On January 1, 2007, the length of the ISBN (International Standard Book Number) will officially change from 10 to 13 digits; however, preparations for the switch, which affects the entire book industry, are underway.
To help ease the transition, the Book Industry Study Group created an ISBN-13 Task Force to help identify potential operational and logistical problems and then resolve those problems before they occur. Among the members of the task force, which includes representatives from all segments of the book industry, including retailers, publishers, wholesalers, manufacturers, and libraries, is ABA Special Projects Director David Walker.
BTW recently spoke to Walker about ISBN-13 and what it means for independent booksellers.
BTW: What is your role on the ISBN-13 Task Force?
David Walker: I represent independent bookstores, which means I explain the issues that are likely to arise in our part of the industry and discuss with the task force ways in which independent stores can be assisted with the transition to the new ISBN.
Why is the book industry changing from a 10-digit to a 13-digit ISBN?
DW: The change is taking place mainly because the industry is getting close to running out of 10-digit numbers.
When do booksellers need to start preparing for the shift to the 13-digit ISBN? And what should they be doing?
DW: The change to 13 digits is scheduled to take place by January 2007, so now would certainly not be too soon to start preparing. In addition to learning all they can about how the shift to the longer ISBN will impact bookstores in general, booksellers need to find out about their own POS vendor's plans for upgrading their system to handle the new ISBN.
Can you direct booksellers to some good information resources about ISBN-13?
DW: The Book Industry Study Group's website is by far the most comprehensive resource on this topic. Booksellers should go to www.bisg.org and follow the ISBN-13 link.
In addition to general information about the transition (including an "ISBN-13 For Dummies" guide that can be downloaded), there are a couple of specific resources that I would strongly recommend booksellers look at:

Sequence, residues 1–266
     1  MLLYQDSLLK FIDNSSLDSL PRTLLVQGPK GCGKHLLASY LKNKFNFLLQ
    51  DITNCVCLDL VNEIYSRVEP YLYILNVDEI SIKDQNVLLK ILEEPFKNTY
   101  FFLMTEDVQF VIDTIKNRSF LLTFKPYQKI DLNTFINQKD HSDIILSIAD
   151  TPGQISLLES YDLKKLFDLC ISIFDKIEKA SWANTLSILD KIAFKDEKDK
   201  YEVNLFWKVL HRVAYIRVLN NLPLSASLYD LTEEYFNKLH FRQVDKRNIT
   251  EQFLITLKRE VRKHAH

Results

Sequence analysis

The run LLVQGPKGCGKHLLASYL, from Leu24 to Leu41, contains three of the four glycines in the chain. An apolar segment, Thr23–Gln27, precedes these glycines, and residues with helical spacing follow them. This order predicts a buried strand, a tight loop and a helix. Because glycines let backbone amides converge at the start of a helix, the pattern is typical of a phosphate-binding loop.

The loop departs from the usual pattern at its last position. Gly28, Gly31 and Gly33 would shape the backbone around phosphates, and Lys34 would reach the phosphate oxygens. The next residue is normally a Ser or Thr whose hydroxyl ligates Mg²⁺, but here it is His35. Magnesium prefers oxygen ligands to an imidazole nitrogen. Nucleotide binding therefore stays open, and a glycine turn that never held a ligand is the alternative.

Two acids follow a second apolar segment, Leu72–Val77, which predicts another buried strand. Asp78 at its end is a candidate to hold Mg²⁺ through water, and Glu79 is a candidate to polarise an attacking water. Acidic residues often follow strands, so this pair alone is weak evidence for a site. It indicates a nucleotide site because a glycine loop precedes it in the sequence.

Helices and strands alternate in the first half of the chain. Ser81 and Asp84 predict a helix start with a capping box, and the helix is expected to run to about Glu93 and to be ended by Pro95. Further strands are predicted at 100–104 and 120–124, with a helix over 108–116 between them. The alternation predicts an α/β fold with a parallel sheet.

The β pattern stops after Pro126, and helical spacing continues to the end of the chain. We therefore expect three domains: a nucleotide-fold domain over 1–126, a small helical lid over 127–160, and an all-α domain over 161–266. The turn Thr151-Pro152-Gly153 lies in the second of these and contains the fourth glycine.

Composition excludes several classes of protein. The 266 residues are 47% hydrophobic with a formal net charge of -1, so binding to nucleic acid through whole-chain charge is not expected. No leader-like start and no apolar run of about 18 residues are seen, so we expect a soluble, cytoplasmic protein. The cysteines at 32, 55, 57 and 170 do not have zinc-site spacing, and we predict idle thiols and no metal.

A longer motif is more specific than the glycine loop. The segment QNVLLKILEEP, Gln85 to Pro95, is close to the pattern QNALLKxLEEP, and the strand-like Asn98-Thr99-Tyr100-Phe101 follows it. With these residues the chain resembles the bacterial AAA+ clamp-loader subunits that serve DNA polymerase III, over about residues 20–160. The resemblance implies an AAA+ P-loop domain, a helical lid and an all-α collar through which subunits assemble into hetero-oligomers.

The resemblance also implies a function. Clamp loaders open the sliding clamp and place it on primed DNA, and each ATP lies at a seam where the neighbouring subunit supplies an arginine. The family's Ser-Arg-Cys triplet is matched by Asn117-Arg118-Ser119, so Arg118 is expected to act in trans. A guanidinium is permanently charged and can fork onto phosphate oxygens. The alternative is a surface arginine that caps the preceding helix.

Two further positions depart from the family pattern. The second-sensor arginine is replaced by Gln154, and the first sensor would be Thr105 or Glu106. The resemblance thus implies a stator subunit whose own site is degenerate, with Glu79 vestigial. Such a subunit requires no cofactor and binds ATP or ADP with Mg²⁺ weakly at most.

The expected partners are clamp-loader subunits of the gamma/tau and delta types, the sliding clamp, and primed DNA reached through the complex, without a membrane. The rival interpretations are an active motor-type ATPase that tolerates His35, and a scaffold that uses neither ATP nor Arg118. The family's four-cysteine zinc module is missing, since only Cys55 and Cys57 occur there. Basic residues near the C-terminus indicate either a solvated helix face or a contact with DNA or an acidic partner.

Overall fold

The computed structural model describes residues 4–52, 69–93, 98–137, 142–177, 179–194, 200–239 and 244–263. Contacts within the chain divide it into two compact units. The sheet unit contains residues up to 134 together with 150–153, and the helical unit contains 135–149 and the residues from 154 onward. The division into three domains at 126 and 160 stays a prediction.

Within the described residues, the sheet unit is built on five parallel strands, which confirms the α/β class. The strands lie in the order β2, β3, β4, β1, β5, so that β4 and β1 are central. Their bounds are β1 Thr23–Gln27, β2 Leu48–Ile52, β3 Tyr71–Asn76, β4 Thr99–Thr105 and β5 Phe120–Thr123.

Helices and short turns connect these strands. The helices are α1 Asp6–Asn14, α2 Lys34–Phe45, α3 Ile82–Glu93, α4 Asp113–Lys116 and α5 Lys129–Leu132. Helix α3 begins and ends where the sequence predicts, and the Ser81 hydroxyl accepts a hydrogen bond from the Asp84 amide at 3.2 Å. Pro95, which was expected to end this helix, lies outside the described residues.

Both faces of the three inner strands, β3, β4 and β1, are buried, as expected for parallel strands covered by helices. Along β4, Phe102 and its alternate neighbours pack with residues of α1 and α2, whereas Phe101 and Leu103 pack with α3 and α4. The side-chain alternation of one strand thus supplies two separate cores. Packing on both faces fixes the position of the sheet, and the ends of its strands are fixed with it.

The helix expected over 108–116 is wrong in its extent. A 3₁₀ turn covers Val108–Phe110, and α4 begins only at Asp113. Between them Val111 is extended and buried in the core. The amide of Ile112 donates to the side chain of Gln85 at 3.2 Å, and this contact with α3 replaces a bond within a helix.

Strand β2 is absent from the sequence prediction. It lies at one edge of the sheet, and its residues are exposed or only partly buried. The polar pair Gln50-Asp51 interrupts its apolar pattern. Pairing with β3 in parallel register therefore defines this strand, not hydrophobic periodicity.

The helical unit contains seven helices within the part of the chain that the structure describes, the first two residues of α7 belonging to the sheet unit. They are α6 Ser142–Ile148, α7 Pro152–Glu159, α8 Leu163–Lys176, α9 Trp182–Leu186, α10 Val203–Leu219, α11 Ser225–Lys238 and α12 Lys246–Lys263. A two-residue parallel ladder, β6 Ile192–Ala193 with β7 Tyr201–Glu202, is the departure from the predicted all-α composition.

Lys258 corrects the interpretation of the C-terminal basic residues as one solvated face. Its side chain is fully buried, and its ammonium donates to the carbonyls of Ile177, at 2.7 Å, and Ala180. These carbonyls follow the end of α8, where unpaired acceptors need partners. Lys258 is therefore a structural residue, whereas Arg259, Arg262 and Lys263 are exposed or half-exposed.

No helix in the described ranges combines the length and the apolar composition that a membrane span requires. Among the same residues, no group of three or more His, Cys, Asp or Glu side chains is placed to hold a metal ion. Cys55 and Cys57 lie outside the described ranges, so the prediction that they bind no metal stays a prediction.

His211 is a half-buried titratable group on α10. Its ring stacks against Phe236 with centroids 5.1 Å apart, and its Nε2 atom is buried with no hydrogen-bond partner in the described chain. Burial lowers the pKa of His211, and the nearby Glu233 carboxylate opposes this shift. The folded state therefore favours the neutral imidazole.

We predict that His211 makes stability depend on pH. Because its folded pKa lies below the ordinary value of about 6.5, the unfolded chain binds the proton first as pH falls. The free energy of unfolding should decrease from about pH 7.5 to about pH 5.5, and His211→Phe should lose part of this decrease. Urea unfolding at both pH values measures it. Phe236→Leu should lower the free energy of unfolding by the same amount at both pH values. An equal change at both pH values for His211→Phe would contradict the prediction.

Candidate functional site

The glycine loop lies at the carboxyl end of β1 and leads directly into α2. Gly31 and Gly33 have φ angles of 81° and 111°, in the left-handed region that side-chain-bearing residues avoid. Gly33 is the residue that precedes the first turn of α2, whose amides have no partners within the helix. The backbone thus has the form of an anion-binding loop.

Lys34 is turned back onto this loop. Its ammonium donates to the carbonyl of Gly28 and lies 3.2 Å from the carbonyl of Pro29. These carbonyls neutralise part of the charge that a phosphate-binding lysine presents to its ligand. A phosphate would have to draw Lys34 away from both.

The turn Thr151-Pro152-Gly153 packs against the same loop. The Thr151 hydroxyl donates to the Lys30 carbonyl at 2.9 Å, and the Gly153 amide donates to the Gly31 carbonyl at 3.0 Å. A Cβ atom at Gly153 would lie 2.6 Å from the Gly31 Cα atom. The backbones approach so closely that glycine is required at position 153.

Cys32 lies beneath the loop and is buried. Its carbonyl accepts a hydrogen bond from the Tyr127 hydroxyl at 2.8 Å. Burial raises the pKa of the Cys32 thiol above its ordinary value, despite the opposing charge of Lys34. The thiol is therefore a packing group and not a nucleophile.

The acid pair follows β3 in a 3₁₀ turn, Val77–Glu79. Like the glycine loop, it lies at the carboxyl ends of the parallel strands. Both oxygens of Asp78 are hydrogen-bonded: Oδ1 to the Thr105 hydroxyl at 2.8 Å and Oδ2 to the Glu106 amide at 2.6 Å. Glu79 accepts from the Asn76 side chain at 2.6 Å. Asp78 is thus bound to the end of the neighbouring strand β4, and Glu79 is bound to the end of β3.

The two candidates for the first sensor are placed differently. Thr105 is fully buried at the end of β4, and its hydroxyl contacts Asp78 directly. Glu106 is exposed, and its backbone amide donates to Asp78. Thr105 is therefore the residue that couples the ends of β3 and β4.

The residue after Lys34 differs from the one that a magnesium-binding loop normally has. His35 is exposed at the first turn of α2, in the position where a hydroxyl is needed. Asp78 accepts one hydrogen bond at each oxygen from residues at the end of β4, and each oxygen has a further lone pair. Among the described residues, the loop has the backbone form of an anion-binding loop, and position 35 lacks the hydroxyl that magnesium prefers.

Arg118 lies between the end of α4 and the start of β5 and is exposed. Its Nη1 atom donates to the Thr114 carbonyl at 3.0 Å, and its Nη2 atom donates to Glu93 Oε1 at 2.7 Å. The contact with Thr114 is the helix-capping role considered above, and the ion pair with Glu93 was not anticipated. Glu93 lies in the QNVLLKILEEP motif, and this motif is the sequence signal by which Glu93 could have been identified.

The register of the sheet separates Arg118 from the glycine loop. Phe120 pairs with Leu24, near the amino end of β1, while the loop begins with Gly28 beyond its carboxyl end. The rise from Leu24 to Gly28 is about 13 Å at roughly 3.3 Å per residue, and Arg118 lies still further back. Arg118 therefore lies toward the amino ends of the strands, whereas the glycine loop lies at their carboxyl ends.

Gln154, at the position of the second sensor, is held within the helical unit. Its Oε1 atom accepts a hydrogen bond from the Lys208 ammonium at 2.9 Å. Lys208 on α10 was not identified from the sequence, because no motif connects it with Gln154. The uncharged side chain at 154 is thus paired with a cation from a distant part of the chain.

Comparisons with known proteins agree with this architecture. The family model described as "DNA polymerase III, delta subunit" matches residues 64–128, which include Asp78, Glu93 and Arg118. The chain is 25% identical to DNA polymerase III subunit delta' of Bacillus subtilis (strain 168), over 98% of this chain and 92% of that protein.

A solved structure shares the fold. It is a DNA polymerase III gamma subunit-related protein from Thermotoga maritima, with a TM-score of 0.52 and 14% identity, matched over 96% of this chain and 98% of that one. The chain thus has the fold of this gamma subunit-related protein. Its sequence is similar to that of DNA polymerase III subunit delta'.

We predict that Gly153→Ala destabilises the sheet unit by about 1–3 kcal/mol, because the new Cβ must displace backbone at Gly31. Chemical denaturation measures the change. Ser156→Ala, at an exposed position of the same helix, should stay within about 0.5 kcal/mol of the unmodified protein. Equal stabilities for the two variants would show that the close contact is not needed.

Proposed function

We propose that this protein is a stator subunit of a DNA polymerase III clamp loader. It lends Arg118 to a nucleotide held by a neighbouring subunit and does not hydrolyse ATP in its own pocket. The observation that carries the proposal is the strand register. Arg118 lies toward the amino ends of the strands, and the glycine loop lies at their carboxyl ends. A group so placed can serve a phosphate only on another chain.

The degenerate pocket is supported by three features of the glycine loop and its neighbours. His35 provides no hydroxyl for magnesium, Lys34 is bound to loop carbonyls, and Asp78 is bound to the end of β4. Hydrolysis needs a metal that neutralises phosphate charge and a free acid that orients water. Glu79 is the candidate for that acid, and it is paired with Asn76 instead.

- A webinar called "Are You Ready for ISBN-13?" which explains how and why the change to 13 digits is happening. Although some parts of this webinar are directed at publishers rather than retailers, it provides an excellent overview of the issues involved in the transition. The webinar is presented by Tom Clarkson from Barnes & Noble, who is one of the world's leading experts on this subject. He is very good at explaining the technical issues in easy-to-understand terms. (Booksellers should select the recorded version of the webinar; they will need to enter some registration information in order to view it.)
- An ISBN-13 readiness directory that contains checklists detailing the transition plans of individual companies throughout the industry, including POS vendors. Booksellers should select the link labeled "POS vendors" to see if their vendor has submitted a readiness checklist. If their POS vendor is listed, they should click on the vendor's name. They will then be asked to fill out a "small retailer" survey that asks for some very basic information such as store name and address. After submitting the survey, they will receive an e-mail with a password allowing them to access the readiness checklist for their POS vendor. By the way, booksellers should pay attention not just to the vendor's answers, but also to the questions that are asked on the checklist, as these provide a good indication of the key issues that the ISBN-13 Task Force believes POS vendors should be addressing.